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The Half Life of Meeting Notes - For me, about 4 hours

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  • The Half Life of Meeting Notes - For me, about 4 hours

    I'm wondering if those of you with meeting intensive jobs like mine have this same experience. I find that my ability to understand my meeting notes begins to seriously disenegrate within about half a day...if I wait a day or two later, then I'm really sitting there scratching my head.

    Of course, it would help if I were careful in my note taking...once in awhile I'll write something like "talk to Joe about..." - about what?? If I look at the meeting notes write after the meeting, I'll remember what it was, but two days later I'm in the dark.

    What I'm finding is that I need to try to process my notes as soon as possible after I get out of the meeting - ideally immediately. Waiting comes at a high cost. My thinking is that if it is important enough for a bunch of expensive people to spend an hour or so meeting about, it is important enough to give top priority to when processing (have you ever totalled up the hourly rate of the people in the room - yowsa).

    I find it takes A LOT of discipline for me to ignore the siren song of non-truly urgent emails, voice mails and people wanting to talk to me that have accumulated while I was in the meeting.

    If I'm not able to deal with my meeting notes right after the meeting, I try to do them first when I process my inbox. I'm finding that working my inbox in order from "conversational" material to "printed" keeps me out of trouble. So I'm processing in this order:
    1) things that people have said to me in passing or that are in my mind that I haven't written down - before I completely blank on it
    2) meeting notes
    3) voice mail
    4) email
    5) paper mail

    This, for whatever reason, goes against my natural inclination - I want to look at paper mail first, email next, etc....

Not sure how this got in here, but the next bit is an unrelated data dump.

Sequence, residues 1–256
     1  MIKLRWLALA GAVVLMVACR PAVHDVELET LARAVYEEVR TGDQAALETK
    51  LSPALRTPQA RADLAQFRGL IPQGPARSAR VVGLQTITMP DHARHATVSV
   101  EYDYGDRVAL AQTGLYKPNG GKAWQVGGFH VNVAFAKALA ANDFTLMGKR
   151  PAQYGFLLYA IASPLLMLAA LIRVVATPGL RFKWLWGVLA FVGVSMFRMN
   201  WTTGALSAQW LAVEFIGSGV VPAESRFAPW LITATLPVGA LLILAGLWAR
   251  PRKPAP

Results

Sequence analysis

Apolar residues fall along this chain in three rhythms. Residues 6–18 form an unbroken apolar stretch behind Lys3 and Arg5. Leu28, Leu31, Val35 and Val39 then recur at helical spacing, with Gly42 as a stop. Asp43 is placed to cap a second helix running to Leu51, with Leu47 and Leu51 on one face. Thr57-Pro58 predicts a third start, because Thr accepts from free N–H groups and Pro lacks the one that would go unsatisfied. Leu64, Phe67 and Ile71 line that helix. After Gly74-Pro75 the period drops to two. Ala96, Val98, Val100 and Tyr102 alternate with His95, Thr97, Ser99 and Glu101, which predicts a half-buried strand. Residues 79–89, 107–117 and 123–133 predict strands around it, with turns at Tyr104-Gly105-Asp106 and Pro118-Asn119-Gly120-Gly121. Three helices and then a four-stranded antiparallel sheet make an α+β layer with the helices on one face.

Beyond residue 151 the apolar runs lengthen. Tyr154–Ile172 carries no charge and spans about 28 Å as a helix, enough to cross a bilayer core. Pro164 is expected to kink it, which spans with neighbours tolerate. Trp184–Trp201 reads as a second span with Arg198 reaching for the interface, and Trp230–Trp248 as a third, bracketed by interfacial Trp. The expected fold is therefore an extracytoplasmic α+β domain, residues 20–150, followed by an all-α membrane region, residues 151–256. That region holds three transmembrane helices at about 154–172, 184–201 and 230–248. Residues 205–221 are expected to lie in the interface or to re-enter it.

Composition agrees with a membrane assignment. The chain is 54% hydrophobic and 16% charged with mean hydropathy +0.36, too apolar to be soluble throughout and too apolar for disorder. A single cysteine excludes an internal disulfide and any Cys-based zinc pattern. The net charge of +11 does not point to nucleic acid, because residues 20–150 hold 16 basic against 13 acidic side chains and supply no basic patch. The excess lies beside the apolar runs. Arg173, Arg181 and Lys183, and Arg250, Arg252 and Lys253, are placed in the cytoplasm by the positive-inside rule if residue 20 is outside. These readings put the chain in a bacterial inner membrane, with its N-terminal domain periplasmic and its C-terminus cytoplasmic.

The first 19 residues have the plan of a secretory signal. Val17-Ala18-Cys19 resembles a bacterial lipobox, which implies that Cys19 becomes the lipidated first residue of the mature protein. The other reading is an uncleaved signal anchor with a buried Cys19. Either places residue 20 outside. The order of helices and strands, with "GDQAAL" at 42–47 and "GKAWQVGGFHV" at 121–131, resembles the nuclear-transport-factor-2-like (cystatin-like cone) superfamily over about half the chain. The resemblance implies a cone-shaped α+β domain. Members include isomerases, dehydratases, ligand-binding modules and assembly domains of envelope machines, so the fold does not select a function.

I shudder to think back on my pre-GTD when I would go DAAAYS without actually looking at my meeting notes and would go off my memory of what was said only too look at my notes later and realize I neglected an important (usually off topic) detail.

    It would also help if I could commit to fewer meetings! I get into trouble when my ratio of meeting time and time to actually do the stuff that comes up in meetings gets out of whack.

  • #2
    Take notes at the meeting...

    Well, I have taken a lot of notes at meetings like that (who hasn't) and my take on it is.. why not take your GTD notes right in the meeting?

    I usually just scribble an @XYZ in front of a point I have just taken or scribble an appropriate NA down on my paper. When I am taking notes, why not take the right ones?

    After the meetings, those identified actions go straight into Outlook, as do others that pop up during that second review.

    If I can't process the notes immediately, most of the items are already jotted down, so I do not have to worry.

    ::: emp :::

    PS: I have (pssst, be vewwy quiet) also taken non-work NAs down on meeting notes during...err sub-optimal meetings.


    • #3
      crete a template for meeting notes

      I have found it helpful to have a generic template for meeting notes and have made specific ones to take to meetings that are with the same people on a regular basis. I developed this appraoch because I had to obtain information in meetings and then transmit it to the people who reported to me and follow up on their compliance. The first part is the usual who?, what?, when?, and where? The second is a)why are we meeting? and b)why am I part of this meeting (what is my role and purpose)? The third is a list of categories for things I may have to follow up on. Finally, a line for recording the date of the next meeting and location. Usually at the bottom of the page I jot down at random my gut feelings are about various aspects. or things I observe or that my mind wanders to. One warning--this template thing has not fit in well with all organizational cultures and can be perceived as threatening. And, if you are in a key leadership role, some people think you are verging on micromanaging. If you have access to dictation service or use dictation software, you can dictate a very useful paragraph long note from the template, if the meeting is important enough.